The potato even meets the needs of growing infants. Eleven Peruvian children, ages 8 months to 35 months, recovering from malnutrition, were fed diets where all of the protein and 75% of the calories came from potatoes.5,6 Their growth patterns were normal. (Soybean-cottonseed oils and pure simple sugars provided some of the extra calories—neither of these sources—oil or sugar—contains protein, vitamins or minerals.)

People in New Guinea who live on diets consisting almost entirely of sweet potato tubers and leaves have cholesterol levels, on average, of 108 mg/dL.7  Heart disease, obesity, inflammatory arthritis, colon cancer and type-2 diabetes are unknown in these people on their sweet potato diet.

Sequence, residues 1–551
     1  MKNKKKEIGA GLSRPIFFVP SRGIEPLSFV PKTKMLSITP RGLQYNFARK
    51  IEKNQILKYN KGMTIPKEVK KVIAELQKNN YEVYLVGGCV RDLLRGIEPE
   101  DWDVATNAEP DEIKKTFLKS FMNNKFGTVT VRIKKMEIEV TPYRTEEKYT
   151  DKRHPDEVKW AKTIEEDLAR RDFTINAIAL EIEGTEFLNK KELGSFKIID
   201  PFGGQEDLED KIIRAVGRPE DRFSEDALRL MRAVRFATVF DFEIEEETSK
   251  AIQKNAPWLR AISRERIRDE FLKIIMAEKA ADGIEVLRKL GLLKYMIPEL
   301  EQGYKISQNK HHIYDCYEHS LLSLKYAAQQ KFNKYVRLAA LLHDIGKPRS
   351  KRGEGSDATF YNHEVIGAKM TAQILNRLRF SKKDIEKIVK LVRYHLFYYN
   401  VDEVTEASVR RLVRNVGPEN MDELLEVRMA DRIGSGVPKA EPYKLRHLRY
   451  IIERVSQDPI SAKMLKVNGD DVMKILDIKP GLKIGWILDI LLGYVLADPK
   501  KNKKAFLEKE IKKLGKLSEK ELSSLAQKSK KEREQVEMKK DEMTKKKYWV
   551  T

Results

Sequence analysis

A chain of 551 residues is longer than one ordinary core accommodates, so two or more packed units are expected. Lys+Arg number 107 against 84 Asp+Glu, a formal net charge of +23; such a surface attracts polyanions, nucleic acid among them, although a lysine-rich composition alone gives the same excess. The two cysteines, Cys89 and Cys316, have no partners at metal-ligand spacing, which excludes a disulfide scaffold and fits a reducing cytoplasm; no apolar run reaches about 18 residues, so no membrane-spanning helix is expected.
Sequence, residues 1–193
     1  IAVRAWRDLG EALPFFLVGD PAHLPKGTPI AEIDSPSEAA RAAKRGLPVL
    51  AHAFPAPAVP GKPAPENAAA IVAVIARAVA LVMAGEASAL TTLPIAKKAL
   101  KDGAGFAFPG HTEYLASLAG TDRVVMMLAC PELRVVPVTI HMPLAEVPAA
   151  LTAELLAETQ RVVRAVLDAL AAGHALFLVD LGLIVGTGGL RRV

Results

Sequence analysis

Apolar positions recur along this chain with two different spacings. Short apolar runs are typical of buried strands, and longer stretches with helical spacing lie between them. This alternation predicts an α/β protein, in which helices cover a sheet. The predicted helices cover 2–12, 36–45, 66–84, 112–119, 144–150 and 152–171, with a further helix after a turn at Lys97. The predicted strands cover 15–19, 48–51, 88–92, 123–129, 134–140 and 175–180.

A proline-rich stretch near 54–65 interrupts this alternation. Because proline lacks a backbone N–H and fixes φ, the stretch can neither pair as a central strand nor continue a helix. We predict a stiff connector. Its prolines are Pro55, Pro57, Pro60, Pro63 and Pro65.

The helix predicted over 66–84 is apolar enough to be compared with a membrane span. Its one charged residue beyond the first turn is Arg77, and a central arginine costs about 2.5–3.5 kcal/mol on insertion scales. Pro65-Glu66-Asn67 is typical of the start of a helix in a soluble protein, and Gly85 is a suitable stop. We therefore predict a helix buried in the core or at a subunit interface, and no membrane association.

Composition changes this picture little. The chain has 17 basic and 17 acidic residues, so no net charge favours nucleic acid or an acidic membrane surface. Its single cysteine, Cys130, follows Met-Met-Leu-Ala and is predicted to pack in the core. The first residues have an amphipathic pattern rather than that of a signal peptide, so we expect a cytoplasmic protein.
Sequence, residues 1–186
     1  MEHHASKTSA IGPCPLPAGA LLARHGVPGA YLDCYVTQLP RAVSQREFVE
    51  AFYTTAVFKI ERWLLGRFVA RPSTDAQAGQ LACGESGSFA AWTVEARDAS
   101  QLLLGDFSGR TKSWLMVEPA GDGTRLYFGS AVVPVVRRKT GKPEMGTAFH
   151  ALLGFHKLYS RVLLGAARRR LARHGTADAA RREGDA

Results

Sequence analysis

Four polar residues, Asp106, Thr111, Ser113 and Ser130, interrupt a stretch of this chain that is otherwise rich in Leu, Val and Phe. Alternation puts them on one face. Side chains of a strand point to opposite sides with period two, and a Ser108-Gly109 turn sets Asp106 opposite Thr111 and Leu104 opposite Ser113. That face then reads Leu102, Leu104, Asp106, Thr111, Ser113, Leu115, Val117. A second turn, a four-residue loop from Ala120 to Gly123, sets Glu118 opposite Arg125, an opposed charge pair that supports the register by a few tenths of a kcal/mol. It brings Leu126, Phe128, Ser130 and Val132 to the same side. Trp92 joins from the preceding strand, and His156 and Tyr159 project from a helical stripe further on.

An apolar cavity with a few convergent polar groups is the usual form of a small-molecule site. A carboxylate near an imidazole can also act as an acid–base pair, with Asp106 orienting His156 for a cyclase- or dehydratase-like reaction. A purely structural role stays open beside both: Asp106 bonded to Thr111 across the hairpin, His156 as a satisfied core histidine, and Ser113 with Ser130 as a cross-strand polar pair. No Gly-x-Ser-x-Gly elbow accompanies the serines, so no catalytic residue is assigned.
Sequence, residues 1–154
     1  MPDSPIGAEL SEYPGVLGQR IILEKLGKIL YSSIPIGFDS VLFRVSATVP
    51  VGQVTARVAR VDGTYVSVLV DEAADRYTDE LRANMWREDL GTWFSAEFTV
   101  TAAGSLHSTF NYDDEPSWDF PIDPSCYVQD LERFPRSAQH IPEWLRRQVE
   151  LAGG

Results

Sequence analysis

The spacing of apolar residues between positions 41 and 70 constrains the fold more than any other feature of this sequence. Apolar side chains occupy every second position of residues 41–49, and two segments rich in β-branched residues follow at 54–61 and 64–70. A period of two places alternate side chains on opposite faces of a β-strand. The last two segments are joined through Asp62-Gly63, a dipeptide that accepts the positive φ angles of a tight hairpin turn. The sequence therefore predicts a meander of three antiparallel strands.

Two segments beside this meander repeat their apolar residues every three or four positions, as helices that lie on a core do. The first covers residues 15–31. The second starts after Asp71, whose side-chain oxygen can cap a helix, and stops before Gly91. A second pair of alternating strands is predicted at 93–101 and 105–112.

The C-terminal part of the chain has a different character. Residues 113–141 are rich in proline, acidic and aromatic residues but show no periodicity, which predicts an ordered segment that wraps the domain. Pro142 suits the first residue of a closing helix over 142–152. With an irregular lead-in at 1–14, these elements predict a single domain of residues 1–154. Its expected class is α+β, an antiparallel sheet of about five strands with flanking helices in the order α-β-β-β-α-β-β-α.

Practical Application of Mary’s Mini-McDougall Diet®

Step 1: Choose one of several starches to form the centerpiece of your diet. Please note, the goal is to keep things monotonous, so you should only choose one starch. Which ones are naturally your favorite? Corn? Potatoes? Rice? Beans? Choosing one that you already love is very helpful.  All of these can be found pre-cooked in packages in the frozen food section of your grocery store. Check the ingredients to make sure they are free of added fats, oils or other harmful ingredients. The refrigerated section of the store will also have packages of fruits and vegetables for you to buy.* Cook up a large batch to get you through three to five days at a time.

Step 2: Once you have your basic cooked starches figured out, choose sides of green and yellow vegetables and some fruit. This can be the same or a different choice each time. Fresh or frozen fruits and vegetables is all a matter of preference – either is acceptable.